Fierce storms that have killed 18 people in Italy this week also razed thousands of hectares of forest in the country’s devastated northern region, officials said today.
“It’s like after an earthquake,” Veneto governor Luca Zaia said. “Thousands of hectares of forest were razed to the ground, as if by a giant electric saw.”
In addition, 160,000 people in the region were left without electricity, Zaia said, adding that parts of the Dolomites were “reduced to looking like the surface of the moon.”
“We’ve been brought to our knees,” he said.
On Thursday, storms in northern Italy killed two pensioners aged 74 and 73 when a tree fell on their car in the Aosta Valley. Another person fell into a river in the Brescia region and was dragged under by the current.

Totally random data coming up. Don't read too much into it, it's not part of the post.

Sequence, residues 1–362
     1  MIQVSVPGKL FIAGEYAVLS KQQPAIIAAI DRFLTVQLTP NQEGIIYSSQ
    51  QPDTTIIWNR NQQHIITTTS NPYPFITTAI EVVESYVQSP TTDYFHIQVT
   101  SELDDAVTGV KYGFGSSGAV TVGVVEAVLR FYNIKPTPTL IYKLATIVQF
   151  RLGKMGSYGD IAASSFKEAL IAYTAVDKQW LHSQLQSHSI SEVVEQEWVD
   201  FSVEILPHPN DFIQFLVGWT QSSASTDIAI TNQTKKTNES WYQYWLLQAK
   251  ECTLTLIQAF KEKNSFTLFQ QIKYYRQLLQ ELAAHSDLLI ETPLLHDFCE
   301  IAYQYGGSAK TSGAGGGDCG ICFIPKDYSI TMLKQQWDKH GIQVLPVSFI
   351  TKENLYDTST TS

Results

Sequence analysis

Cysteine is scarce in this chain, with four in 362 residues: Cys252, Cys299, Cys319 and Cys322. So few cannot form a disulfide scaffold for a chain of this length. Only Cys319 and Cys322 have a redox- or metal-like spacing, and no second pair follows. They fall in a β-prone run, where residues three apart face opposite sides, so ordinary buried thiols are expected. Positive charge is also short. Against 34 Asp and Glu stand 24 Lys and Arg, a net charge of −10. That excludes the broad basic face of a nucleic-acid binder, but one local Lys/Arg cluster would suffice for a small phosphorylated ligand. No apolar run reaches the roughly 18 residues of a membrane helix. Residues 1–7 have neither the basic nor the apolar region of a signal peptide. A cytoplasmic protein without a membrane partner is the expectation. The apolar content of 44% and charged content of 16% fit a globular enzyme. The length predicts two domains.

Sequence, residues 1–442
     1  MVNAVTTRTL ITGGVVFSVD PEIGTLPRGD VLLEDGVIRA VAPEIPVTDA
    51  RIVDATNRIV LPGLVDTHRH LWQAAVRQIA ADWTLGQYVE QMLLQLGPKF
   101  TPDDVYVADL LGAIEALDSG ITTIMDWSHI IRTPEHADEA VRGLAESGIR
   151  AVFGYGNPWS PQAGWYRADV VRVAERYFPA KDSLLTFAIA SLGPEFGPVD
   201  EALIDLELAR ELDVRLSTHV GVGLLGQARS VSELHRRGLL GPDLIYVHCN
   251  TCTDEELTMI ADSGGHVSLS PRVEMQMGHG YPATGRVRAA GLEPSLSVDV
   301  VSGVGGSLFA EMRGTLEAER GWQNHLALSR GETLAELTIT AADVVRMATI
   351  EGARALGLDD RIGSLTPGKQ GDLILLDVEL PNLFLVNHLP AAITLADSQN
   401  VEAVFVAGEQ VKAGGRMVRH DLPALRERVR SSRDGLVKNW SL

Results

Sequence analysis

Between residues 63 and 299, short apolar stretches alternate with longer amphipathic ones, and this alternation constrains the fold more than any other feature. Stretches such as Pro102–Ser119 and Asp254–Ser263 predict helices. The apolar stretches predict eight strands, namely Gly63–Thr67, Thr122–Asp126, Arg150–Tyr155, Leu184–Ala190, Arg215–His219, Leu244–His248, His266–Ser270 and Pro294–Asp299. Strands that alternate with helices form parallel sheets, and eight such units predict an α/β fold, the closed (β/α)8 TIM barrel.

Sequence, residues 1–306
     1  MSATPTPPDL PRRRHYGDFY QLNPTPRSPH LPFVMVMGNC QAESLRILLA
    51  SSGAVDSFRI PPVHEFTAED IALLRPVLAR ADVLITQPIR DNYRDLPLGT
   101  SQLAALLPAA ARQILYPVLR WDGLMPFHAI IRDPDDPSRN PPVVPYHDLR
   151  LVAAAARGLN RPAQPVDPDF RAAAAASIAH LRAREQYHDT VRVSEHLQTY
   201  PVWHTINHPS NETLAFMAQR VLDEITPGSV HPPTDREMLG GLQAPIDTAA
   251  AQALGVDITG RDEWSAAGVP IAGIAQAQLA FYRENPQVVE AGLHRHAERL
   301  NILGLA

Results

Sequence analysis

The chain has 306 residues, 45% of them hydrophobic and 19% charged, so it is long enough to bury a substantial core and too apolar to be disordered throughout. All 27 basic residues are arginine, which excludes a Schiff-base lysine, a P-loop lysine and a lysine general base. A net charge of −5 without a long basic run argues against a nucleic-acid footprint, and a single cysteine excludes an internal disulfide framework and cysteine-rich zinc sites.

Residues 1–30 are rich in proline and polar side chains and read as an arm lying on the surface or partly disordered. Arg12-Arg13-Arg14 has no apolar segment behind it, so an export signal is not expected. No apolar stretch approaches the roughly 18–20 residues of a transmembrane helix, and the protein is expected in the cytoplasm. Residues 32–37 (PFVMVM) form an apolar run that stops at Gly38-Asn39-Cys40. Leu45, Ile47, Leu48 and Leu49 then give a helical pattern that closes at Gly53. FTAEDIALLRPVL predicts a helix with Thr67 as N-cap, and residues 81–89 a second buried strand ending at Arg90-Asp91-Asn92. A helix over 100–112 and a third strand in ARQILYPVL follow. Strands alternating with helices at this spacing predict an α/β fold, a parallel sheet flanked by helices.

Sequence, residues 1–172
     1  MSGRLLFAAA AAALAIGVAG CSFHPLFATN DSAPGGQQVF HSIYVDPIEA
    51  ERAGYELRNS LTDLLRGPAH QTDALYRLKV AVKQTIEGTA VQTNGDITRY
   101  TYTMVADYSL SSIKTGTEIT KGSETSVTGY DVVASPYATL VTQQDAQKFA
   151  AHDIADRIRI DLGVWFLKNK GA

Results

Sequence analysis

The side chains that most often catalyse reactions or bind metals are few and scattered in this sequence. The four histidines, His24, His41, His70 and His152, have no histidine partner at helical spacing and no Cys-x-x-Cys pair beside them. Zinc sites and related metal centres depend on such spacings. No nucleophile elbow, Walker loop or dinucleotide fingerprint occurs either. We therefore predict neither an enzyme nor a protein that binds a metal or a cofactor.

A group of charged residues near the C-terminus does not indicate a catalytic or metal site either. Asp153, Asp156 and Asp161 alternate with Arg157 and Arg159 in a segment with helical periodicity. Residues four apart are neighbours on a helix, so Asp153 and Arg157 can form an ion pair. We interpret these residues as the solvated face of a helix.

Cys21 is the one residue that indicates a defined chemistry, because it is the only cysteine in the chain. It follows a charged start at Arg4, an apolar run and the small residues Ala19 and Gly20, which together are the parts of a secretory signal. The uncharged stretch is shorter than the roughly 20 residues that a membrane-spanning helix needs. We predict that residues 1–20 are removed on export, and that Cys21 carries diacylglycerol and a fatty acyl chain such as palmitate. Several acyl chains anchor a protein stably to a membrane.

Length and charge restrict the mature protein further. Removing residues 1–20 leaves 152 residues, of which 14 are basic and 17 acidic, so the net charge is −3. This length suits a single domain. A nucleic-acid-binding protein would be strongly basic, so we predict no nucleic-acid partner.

These fatalities brought the total number of people killed during this week’s violent storms to 18.
Italy’s civil protection agency described the weather lashing Italy this week as “one of the most complex meteorological situations of the past 50 to 60 years”.
Bad weather continues in many parts of the country, with rain and thunderstorms today in parts of Lazio, Campania, Emilia-Romagna, Veneto and elsewhere.
Floods in Sicily have closed many roads and mayors have ordered schools, public parks, and underpasses shut.
Italian regions have been counting the costs of the storms over the past few days, particularly the six northern regions placed under red alert for several days.
The Genoa region alone had suffered tens of millions of euros worth of damage – a price tag that could rise to hundreds of millions in the long term, he added.
Venice was inundated by historic high water levels on Monday, leading to the evacuation of tourists from the centre.